Parese asked the Planning Board to keep the bylaw as drafted in order to prevent future contentious hearings before the ZBA down the road.
The Planning Board never voted one way or another on whether to change the language in its draft bylaw amendment relative to outdoor production.
During the discussion -- telecast on the town's community access television station, Willinet -- it was clear that a couple members of the board were sympathetic with the argument that outdoor production, with the proper regulation, ought to be possible in town.
"We had proposed that any part of the canopy had to be 500 feet from another residence," said Planning Board Chairwoman Stephanie Boyd, referring to a prior iteration of the board's bylaw, not the one it ultimately moved to put before voters in May. "What that does is rule out a lot of properties. Just the setback issue rules out properties altogether."
Boyd confessed at one point that she was finding the issue a challenge.
"I don't know what the right answer is," she said. "Maybe that's why we need to take it to town meeting, so as a community we can decide. I don't think the five of us up here have the magic answer."
Planner Chris Winters challenged the argument that odor-causing terpenes generated by cannabis plants are any different from terpenes produced by other plants.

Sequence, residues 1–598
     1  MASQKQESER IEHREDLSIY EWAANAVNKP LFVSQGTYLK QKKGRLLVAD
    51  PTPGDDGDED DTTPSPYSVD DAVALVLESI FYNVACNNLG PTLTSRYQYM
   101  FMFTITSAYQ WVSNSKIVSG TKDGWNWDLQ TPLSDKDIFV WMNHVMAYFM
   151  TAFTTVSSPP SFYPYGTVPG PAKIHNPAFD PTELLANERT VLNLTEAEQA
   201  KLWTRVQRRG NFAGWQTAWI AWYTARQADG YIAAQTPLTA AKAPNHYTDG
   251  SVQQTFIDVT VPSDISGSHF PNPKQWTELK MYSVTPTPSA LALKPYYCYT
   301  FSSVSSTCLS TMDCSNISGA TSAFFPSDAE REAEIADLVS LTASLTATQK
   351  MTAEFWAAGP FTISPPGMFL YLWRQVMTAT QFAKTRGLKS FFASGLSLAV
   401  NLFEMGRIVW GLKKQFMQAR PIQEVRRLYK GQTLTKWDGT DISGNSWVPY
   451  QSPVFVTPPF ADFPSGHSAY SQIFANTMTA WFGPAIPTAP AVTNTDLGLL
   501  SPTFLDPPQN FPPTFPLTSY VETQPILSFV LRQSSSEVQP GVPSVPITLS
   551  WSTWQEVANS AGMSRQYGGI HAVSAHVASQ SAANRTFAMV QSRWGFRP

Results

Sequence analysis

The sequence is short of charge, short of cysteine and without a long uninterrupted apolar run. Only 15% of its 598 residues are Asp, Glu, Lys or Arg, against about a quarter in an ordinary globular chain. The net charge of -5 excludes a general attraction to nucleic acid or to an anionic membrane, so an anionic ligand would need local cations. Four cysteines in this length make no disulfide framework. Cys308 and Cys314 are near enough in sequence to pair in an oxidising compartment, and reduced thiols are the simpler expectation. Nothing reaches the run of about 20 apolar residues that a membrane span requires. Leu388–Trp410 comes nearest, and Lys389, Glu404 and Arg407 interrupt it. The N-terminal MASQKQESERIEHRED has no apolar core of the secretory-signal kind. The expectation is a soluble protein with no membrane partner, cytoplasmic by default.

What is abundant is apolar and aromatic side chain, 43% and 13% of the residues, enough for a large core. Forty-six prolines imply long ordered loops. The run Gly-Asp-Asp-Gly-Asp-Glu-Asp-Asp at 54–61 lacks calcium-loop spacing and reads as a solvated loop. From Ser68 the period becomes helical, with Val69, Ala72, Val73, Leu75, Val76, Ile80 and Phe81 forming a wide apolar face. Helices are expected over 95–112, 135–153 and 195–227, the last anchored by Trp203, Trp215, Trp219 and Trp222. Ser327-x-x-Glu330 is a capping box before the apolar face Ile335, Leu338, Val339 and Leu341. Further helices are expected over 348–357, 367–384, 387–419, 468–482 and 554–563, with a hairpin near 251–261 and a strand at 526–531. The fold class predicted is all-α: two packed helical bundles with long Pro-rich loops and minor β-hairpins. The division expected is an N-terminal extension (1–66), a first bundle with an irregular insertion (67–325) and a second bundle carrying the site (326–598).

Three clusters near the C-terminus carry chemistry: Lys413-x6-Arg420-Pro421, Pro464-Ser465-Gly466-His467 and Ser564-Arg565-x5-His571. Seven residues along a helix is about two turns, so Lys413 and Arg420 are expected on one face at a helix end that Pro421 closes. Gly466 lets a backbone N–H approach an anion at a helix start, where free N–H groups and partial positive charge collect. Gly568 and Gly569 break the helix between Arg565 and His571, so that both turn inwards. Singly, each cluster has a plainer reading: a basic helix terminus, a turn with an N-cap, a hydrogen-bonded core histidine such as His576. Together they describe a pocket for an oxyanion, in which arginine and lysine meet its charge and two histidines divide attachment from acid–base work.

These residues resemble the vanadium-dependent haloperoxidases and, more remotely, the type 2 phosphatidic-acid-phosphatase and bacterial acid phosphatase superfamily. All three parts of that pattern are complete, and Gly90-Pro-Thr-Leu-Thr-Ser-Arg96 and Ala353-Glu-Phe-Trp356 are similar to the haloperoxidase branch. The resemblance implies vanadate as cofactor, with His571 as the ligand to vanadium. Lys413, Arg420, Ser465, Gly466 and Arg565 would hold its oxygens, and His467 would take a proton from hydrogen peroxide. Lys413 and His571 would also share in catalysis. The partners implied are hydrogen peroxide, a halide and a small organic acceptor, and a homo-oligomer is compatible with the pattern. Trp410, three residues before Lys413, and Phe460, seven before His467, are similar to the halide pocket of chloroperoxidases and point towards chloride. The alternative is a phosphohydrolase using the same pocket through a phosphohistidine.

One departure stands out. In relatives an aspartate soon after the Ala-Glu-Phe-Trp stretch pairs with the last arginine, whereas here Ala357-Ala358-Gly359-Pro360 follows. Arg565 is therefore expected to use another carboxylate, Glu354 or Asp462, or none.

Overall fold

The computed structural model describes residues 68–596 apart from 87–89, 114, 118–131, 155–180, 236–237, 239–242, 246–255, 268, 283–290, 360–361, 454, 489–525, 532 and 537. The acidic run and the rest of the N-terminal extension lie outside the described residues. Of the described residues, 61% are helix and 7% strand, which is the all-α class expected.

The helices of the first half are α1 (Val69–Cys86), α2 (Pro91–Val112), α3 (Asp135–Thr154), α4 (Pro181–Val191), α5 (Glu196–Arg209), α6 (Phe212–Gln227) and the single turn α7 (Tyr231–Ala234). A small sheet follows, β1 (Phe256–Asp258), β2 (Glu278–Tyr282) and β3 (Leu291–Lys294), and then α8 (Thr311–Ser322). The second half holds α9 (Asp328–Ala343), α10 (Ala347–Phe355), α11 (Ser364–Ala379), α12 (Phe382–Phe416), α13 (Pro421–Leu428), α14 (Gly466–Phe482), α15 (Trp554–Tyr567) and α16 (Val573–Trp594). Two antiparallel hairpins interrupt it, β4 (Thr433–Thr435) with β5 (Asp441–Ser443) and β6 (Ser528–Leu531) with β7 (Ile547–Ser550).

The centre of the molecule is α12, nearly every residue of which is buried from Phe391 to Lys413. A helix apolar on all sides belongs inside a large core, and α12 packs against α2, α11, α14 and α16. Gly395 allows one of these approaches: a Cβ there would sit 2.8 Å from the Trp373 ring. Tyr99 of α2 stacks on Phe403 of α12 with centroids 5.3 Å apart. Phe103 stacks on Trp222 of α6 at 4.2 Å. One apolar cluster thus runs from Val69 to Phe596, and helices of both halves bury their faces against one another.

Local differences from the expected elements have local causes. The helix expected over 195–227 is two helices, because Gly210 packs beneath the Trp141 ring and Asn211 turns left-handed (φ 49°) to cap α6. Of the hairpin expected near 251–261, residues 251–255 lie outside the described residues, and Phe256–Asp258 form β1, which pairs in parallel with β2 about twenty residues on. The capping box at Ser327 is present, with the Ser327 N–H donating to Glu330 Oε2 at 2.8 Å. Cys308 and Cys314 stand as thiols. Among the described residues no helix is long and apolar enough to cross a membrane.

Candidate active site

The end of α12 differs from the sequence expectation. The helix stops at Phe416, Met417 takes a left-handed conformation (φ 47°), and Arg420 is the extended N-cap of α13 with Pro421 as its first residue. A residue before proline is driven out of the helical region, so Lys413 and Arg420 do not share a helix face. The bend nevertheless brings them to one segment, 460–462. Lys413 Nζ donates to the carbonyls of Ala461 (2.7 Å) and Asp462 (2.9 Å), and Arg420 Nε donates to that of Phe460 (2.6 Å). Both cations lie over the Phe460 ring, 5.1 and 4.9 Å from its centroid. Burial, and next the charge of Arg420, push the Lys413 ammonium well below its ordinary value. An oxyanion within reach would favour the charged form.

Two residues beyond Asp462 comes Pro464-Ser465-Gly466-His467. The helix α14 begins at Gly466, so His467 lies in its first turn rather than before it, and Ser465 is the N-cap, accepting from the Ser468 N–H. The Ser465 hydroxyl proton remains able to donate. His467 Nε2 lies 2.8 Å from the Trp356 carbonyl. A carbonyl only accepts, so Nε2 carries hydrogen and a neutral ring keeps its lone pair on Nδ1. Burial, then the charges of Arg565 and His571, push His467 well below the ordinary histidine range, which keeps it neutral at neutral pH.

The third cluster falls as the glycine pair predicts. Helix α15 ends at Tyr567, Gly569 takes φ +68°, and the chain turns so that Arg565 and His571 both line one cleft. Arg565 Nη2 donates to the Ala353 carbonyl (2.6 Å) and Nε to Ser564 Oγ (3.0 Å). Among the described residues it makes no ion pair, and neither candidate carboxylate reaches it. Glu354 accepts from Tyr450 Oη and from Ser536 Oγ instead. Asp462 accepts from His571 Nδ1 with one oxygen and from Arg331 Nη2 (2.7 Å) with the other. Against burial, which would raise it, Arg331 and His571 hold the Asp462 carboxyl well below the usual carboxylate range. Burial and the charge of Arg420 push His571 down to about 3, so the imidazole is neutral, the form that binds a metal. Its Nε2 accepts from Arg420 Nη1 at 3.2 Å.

"If we had a farmer wanting to plant a field of Christmas trees, we would not be having this conversation," Winters said.
A third member of the five-member Planning Board, Alex Carlisle, told Parese that indoor growing facilities "have more problems associated" with them than outdoor cannabis farms.
Carlisle ultimately abstained in a 4-0-1 vote of the Planning Board to send the draft bylaw amendment, labeled Article C, to the Select Board for inclusion on the town meeting warrant.
On the other hand, Planner Dante Birch said, "given the information we have, this [Article C as drafted] is the best we can do right now, and this is something we should move forward to the town."
Parese was joined at Tuesday's public hearing by Dr. Fernando Ponce of Green River Road, who has testified to both the ZBA and Planning Board in the past. Again on Tuesday, he again presented the board with the result of research he conducted on the health impact of terpenes produced by cannabis plants.
Carlisle, Birch and Susan Puddester read into the record emailed testimony the Planning Board received from three residents advocating a ban on outdoor cannabis production. One resident, former Planning Board Chairwoman Amy Jeschawitz, emailed the board to advocate for allowing a legal path for outdoor production.
The board also heard in-person testimony from Brian Cole, a member of the Agriculture Commission, and Jake Zieminski, who grows hemp and is in the process of applying for a license to grow recreational marijuana in Cheshire.
Zieminski told the Williamstown planners that by allowing only indoor marijuana production, the town would encourage only large-scale "big cannabis" producers to build industrial facilities while harming local farmers.